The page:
A week ago, I attended a conference. Like most networking events, you meet people from various fields, geographic regions and social/economic castes. I asked a group of people why they decided to attend this particular conference. One person responded, “Well, I want to stay relevant.” I quickly asked, how does attending this conference make you relevant? The person replied, “I can tell people I was here and they will think I have grasped new concepts presented at this conference.” I then asked him if he did grasp new concepts. He replied, “I have no clue what anyone was talking about, though it seemed interesting. But, my clients and bosses don’t know that.” I smiled inside and walked away. This is an example of perceived relevance, as his bosses will believe he is connected to the information simply because of his attendance at the conference. However without being able to demonstrate his connection (remember he stated he did not grasp the information presented), his relevance will be short-lived.
In order to command an audience, but more importantly, elicit respect from an audience, one must possess something the audience finds valuable. Whether you are a parent or CEO, scientist or author, your relevance is defined by your audience. And whether it is a child looking to you for answers or an auditorium full of people who have traveled from all over the world to hear you speak, relevance allows you to have a direct impact on every person in your audience. Relevance isn’t regurgitating facts and proof of attendance to superficially impress peers. Or to pretend to grasp new concepts. Relevance is reality. You can’t fake it. You don’t get to decide if you are relevant or not, the world does.
Pick something, anything you want to be an expert at. Then along your journey of becoming an expert, learn how to communicate, either on a personal level or on a stage size of your choice. After you have developed your craft and refined how you communicate with people, put yourself out there. It’s that simple. It’s that simple because the majority of the people, like the person I met at my conference, fake being relevant. They fake their expertise. They fake their connection to the information. And as long as you can find something you unequivocally can call your expertise and as long as you can communicate that expertise, you can obtain relevance.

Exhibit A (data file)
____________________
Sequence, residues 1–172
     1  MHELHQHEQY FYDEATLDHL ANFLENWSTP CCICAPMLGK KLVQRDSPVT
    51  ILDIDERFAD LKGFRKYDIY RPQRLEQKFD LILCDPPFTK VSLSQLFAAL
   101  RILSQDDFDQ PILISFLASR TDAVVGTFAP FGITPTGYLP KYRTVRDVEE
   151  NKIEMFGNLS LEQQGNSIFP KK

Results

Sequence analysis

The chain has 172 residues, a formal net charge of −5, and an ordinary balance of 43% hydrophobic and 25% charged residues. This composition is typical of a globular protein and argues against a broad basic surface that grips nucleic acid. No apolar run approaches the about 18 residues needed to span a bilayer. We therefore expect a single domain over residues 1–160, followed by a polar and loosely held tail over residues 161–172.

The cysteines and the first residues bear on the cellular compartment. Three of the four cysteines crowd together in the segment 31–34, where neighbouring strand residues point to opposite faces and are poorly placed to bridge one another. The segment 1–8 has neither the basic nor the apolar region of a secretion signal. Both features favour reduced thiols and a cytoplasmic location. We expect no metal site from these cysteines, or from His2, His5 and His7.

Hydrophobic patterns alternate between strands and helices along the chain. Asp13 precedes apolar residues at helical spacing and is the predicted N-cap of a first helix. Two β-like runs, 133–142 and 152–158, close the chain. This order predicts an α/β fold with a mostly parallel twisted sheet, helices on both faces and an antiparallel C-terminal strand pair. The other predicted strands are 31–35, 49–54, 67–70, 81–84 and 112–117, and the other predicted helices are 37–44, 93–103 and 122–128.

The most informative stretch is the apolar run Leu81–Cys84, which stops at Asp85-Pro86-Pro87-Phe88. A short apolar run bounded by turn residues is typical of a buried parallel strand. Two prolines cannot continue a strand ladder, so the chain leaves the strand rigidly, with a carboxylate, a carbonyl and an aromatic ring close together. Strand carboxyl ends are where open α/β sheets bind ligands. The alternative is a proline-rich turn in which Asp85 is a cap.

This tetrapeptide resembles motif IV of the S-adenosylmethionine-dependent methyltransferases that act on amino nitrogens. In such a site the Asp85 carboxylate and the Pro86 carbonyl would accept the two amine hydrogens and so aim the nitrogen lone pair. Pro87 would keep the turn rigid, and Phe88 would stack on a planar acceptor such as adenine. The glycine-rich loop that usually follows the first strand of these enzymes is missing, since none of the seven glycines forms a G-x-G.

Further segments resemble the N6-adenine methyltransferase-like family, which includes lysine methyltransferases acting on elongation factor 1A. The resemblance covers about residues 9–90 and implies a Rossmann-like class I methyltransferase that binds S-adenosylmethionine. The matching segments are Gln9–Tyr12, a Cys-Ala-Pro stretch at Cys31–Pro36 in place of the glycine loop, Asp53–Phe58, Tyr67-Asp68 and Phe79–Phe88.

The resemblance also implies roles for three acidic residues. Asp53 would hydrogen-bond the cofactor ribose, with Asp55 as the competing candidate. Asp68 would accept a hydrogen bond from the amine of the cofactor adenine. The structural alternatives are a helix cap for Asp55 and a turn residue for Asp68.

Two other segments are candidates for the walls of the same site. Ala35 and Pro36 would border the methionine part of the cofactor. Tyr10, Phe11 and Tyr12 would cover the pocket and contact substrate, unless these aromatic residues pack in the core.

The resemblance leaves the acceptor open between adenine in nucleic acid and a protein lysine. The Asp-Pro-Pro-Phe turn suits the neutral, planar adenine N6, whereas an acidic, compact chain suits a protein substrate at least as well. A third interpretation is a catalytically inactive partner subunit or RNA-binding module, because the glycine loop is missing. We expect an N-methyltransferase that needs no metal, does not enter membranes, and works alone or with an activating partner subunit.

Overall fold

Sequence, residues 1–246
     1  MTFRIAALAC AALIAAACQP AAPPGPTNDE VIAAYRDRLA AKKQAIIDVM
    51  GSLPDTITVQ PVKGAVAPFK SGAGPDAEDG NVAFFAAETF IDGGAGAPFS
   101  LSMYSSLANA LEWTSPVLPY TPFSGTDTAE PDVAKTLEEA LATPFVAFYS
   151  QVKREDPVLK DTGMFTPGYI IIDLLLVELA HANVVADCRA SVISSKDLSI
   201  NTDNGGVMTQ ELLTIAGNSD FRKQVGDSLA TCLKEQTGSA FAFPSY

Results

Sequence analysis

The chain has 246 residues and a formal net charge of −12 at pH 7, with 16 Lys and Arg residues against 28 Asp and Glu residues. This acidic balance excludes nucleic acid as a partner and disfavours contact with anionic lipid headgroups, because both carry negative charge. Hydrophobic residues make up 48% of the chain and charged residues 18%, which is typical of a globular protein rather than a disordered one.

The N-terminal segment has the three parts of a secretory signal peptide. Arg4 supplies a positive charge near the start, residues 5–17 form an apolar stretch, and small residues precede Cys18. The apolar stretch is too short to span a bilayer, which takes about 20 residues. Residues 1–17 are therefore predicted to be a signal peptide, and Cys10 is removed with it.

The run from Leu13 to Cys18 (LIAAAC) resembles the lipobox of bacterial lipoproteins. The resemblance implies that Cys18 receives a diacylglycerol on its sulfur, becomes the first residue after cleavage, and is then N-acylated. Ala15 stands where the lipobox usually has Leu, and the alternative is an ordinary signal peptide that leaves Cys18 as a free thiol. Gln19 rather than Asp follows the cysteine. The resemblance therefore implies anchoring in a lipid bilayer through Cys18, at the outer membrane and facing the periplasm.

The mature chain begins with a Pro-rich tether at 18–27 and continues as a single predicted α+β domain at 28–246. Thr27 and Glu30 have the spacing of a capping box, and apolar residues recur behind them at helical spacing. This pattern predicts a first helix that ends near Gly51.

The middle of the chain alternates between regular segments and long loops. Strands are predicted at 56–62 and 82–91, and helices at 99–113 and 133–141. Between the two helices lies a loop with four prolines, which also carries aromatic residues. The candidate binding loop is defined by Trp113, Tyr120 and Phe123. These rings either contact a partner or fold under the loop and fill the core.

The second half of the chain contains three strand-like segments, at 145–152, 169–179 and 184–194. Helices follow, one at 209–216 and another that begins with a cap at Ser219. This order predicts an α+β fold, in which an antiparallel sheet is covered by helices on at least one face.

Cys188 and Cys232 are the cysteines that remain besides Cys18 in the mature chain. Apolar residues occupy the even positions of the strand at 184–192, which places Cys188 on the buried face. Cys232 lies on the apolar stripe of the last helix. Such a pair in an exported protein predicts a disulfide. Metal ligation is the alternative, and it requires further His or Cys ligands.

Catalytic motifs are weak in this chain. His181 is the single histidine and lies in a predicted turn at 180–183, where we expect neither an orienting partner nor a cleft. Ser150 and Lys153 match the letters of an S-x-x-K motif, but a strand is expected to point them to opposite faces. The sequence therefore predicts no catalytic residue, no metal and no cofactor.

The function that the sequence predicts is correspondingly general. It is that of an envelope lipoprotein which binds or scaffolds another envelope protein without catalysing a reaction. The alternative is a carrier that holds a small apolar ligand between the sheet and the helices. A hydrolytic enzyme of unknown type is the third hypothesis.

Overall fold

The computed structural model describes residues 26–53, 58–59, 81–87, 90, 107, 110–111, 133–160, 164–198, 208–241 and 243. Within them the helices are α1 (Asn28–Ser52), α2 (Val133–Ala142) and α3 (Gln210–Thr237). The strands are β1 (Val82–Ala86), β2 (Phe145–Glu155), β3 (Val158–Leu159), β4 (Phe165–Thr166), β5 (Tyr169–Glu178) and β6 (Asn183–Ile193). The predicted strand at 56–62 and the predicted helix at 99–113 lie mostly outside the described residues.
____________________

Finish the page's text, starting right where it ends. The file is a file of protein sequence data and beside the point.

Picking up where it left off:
Relevance is relative. And whether you have 1 person or 100 or 1,000,000 who listen to you for guidance on a certain topic, the power to persuade, the power to connect, makes you relevant. Attendance does not make you relevant. Speaking in front of people does not make you relevant. But rather the power to continually convince people that you are directly connected to the information or matter at hand, implying that you may influence that information or matter due to your connection, is what makes you relevant.
Remember when you picked something to be an expert at? Remember when you were going to pick up communication skills to better express to others your expertise? Well staying relevant is both of these things, but the ability to do them over and over and over again, never being satisfied until one day the world decides you are deemed forever relevant to a certain expertise or field. When your name becomes synonymous with a concept, topic, or thing that is how you ‘Stay Relevant’ and that is how you succeed at becoming one of the best in your field.